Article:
Green Walls, Green Kidneys, Green Lungs
By Lione Clare
In two left footed boots, I squelched with the group through the clayey light brown mud to a plot within a two-hectare area of newly planted young mangrove trees. We were here to get our hands dirty, and that we did! In pairs, we planted around 40 young trees to help with the restoration effort at Can Gio Biosphere Reserve, home to the “most diverse and luxurious mangroves in the world,” according to one of our lecturers, Dr. Le Duc Tuan.
During the Vietnam War (in Vietnam they call it the American War), about one million gallons of harmful chemicals were sprayed over Can Gio Reserve to clear war zone lands. Over half the chemicals sprayed were Agent Orange, which completely destroyed 20,000 hectares of mangrove ecosystems in this area. Today, land use in these coastal areas favors more intensive agriculture, like shrimp aquaculture, which has led to continued clearing of mangrove forests. In Can Gio Reserve, however, farming and resource use is regulated and the 4,721-hectare “core zone” does not allow human activity; its sole purpose is to preserve the landscape and biodiversity.
Mangrove restoration in Can Gio Reserve, which began shortly after the War’s end in 1975, has resulted in a significant increase in biodiversity. Nearly 700 species, including catfish, crocodiles, otters, monkeys, shellfish, and invertebrates, now thrive within Can Gio’s mangrove forests.
Mangrove ecosystems are of great importance to the coastal zones of Vietnam. They not only provide for rich biodiversity and food sources, but also create a buffer for storms and prevent erosion during floods. Hence, they are also known as a “green wall.” Upriver, dams pose a threat to mangrove forests because they trap sediment, which mangroves need for anchoring root systems. That could mean bad news if a flood comes through. Additionally, mangroves play the role of “green kidneys” because the roots filter out pollution from Ho Chi Minh City and upriver industrial zones.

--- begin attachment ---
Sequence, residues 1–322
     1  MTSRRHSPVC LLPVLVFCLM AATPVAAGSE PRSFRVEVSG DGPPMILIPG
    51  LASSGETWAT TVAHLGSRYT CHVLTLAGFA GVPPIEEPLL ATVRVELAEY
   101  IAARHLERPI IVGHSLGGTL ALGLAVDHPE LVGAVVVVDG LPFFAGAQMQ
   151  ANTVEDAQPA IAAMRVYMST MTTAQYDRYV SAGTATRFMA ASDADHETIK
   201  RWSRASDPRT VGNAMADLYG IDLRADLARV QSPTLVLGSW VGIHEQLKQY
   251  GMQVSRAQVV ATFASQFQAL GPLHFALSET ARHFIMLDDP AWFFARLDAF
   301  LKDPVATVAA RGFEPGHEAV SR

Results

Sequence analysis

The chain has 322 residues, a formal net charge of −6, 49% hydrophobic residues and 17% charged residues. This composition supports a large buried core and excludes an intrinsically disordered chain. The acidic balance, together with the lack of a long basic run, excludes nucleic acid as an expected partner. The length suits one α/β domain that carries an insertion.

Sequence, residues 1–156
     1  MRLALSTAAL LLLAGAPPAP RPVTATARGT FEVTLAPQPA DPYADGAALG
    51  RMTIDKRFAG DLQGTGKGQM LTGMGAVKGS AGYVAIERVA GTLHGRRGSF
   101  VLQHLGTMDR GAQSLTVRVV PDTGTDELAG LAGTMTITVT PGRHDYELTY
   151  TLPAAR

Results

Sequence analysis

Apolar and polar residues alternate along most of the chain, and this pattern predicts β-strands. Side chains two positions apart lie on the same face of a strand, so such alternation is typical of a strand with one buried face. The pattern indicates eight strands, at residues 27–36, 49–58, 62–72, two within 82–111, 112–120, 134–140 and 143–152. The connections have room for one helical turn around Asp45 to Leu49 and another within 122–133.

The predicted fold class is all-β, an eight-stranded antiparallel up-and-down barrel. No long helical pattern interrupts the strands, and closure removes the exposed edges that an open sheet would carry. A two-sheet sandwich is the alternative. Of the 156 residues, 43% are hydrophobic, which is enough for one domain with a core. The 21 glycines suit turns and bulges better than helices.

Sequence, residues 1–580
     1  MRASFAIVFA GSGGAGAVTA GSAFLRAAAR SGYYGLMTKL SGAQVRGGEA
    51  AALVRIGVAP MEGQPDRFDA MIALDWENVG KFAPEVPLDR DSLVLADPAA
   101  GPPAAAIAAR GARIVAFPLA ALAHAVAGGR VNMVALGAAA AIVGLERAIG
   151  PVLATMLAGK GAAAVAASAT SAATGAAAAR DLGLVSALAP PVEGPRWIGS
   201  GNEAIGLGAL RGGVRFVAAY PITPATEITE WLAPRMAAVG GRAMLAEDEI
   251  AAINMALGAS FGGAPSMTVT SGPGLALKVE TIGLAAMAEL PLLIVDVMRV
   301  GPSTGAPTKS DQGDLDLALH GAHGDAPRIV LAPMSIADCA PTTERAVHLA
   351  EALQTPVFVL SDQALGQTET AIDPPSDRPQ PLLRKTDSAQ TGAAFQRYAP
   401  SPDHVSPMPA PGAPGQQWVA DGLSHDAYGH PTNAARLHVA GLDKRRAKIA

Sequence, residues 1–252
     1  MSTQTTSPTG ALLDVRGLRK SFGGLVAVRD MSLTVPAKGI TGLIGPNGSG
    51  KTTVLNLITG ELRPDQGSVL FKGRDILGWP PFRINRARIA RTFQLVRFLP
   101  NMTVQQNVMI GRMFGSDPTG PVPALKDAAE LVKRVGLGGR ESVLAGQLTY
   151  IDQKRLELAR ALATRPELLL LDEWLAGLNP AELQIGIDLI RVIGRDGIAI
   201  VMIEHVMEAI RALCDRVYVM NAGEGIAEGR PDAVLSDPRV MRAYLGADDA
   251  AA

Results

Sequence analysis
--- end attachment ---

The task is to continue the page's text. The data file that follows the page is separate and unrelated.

Climate change is projected to bring more intense storms and sea level rise, which will result in more erosion, flooding, and salinity in Vietnam’s coastal and low-lying regions, impacting people, infrastructure, and agriculture.
After planting the mangroves, we took skiffs along a river and through a mangrove corridor to a shrimp farm. We toured the farm and had a lovely meal of catfish, vegetables, rice, and oysters, which the farmer also harvests, all from the surrounding land. This year, the farmer noticed that the rains were different, continuing later than normal. This caused extended flooding and salt-water intrusion, thus high salinity content in the river. Dr. Ngan told us that baby oysters had difficulty surviving in these abnormally saltier conditions.
It is clear that when the projected effects of climate change occur, specifically sea level rise, survival of oysters and other food sources within the mangrove forests could be threatened. The farmer and his family we visited live almost entirely off the land; they only buy some rice and veggies during the dry season. If climate change effects result in insecure food sources, the livelihoods of Vietnamese relying on mangrove ecosystems for survival will surely be severely impacted.
Can Gio Reserve is known as the “green lung” for Ho Chi Minh City, because the wind is thought to bring oxygen generated from the forest. I think mangrove forests can also be thought of as a lung, or other vital function, for the whole planet because of their ability to sequester large amounts of carbon and produce diverse, productive ecosystems. Just like a mammal cannot breathe without lungs, the planet cannot breathe or function properly without its forests.
Clearly, it is increasingly important for mangrove forests to be preserved, because they both have intrinsic value to ecosystem function and protect people and the land from climate change impacts.
Squelching back through the mud, I realized that while I only played a small role in such an important effort, it was a rewarding experience nonetheless. The physical, real contribution of replenishing the green walls, kidneys and lungs of Can Gio Reserve allowed me to form a special connection with a place vital to climate change responses and be able to share this story.